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NEWS
September 23, 1992 | SUZANNE MUCHNIC, TIMES ART WRITER
The tomb of Tutankhamen, the celebrated burial place of an Egyptian boy king, is slated for conservation in a collaborative venture between the Getty Conservation Institute and the Egyptian Antiquities Organization. The challenge for the joint project, to be announced today at a press conference in Cairo, is to restore the cracked, flaking wall paintings in the 3,300-year-old tomb, located in the Valley of the Kings on the Nile River near Luxor.
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TRAVEL
July 31, 2005
The World Monuments Fund, a nonprofit that works to rescue and preserve imperiled places, recently released its global watch list of its 100 most endangered sites. Places were selected by a panel of 10 experts in architecture, archeology, history, anthropology and other fields. Five highlights from the list are below. See www.wmf.org for a complete list. What's at risk: Iraq, the whole country.
NEWS
November 30, 1999 | From Times Wire Services
More than half the world's major rivers are going dry or are polluted, a panel studying global water problems reported Monday. The World Commission on Water for the 21st Century said that among the most stressed are the Colorado River in the United States, China's Yellow River, the Nile River in Africa, Russia's Volga River Basin and the Ganges River in South Asia.
SCIENCE
July 22, 2006 | Jia-Rui Chong, Times Staff Writer
A 3,200-year interlude of tropical rains once transformed the eastern Sahara into a verdant savanna where seminomadic people thrived amid elephants, cattle and more than 30 species of fish, according to German researchers. After collecting more than 500 radiocarbon dates at 150 sites in an area larger than Western Europe, University of Cologne researchers found that the sudden climate change 10,500 years ago coaxed thousands of people to move into the now desolate expanse.
ENTERTAINMENT
August 21, 2013 | By David Ng
The latest political unrest in Egypt has resulted in the theft and destruction of more than 1,000 artifacts in a museum south of Cairo, according to multiple published reports. The looting is believed to have taken place over several days starting last week. The Malawi National Museum, located in the Nile River city of Minya, contained numerous archaeological specimens and antiquities dating back thousands of years. Reports claim that the recent attacks at the museum represent the largest instance of cultural looting in the country's history.  Among the casualties is a missing 3,500-year-old statue of the daughter of Pharaoh Akhenaten, according to the Associated Press.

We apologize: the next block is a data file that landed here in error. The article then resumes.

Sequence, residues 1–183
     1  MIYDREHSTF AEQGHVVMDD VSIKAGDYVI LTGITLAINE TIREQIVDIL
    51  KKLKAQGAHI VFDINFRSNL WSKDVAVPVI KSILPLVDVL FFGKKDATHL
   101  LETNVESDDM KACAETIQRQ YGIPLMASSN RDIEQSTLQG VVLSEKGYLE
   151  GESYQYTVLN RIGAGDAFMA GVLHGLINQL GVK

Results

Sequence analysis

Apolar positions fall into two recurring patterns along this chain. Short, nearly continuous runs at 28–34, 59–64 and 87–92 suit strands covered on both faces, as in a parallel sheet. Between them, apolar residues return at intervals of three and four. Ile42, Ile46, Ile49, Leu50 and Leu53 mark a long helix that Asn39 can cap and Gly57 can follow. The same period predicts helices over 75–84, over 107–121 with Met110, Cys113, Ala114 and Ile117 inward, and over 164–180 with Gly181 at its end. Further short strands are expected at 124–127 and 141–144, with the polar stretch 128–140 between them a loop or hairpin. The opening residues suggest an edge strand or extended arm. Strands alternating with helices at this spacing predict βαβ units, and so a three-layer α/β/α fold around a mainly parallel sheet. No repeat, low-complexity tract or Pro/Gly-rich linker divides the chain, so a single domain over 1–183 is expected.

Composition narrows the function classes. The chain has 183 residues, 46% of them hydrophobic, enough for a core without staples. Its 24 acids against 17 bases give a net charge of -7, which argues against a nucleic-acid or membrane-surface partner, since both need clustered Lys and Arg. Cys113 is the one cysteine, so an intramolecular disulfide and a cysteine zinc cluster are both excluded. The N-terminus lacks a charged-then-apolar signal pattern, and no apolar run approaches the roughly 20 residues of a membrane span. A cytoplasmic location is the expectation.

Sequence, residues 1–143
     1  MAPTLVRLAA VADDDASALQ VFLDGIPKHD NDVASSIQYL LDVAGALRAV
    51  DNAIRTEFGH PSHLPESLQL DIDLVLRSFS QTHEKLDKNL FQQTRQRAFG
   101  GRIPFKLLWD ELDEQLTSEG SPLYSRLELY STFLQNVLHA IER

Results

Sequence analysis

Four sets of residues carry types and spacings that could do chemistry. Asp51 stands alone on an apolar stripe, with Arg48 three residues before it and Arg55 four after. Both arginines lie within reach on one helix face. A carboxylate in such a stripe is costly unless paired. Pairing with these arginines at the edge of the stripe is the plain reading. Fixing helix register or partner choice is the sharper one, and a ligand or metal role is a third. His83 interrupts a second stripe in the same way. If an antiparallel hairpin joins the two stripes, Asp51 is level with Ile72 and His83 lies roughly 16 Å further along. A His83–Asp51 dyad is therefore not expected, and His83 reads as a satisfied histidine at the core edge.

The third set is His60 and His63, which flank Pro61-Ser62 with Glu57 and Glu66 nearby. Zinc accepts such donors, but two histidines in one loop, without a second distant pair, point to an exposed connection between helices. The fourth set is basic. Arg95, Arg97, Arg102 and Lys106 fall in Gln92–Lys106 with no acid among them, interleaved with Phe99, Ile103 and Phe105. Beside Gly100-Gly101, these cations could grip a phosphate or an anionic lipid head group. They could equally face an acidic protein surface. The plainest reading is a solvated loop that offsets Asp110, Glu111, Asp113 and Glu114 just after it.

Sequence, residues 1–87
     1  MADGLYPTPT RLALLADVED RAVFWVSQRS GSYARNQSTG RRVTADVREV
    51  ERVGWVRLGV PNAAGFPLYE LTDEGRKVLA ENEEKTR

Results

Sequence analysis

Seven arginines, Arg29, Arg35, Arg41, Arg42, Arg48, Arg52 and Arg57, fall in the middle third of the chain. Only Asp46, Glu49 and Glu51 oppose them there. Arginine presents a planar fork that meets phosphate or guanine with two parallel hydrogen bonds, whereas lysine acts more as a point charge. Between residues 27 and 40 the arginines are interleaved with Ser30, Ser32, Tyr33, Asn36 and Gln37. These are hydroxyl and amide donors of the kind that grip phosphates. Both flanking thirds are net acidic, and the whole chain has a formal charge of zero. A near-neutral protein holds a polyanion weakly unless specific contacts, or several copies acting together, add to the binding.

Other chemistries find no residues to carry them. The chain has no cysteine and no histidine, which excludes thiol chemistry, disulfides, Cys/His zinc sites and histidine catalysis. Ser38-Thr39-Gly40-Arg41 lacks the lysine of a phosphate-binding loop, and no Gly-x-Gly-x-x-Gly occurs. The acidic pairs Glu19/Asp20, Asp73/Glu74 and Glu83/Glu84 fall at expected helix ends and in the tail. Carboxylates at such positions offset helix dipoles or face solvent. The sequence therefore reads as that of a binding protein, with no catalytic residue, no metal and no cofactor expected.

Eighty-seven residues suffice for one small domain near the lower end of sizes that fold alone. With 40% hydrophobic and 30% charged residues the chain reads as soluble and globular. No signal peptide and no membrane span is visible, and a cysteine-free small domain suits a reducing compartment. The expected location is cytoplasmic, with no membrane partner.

OPINION
June 1, 2013
Re "Giving a bad name to Chinese tourists," May 29 Just like the Chinese boy who scratched his name on an ancient Egyptian temple wall, people have been leaving graffiti on Egyptian monuments for quite some time now. In the early 6th century BC, some Greek and Carian mercenaries traveling up the Nile River in the service of the Pharaoh Psammetichus II left a long "Kilroy Was Here" memo scratched on one of the legs of the statue of Ramses...
NEWS
September 23, 2007 | Anna Johnson, Associated Press
Millions of Egyptians could be forced permanently from their homes, the country's ability to feed itself devastated. That's what probably awaits this already impoverished nation by the end of the century, if predictions about climate change hold true. The World Bank describes Egypt as particularly vulnerable to the effects of global warming, saying the country faces potentially "catastrophic" consequences. "The situation is serious and requires immediate attention.
WORLD
February 26, 2013 | By Jeffrey Fleishman
CAIRO -- A hot-air balloon exploded over the ancient city of Luxor on Tuesday, killing at least 18 people and adding fresh turmoil to Egypt's beleaguered tourism industry, which has been struggling since the overthrow of Hosni Mubarak two years ago. Authorities said the balloon was drifting at about 1,000 feet when it caught fire and the basket plummeted into sugar cane fields outside a village shortly after dawn. Officials said the dead included nine passengers from Hong Kong, four from Japan, two from France, two from Britain and one from Belgium.
TRAVEL
January 7, 1996 | HANK KOVELL
Fresno-based SST has announced its spring and fall tours for 1996. SST, which has been in business for 10 years, caters to the senior market. Tours include complimentary shuttle transportation to and from nearby airports, round-trip air transportation from West Coast cities, an orientation party, all transfers and luggage handling. Some of the offerings: * Tulip Time in Holland--14 days departing April 23. Includes all breakfasts and dinners.
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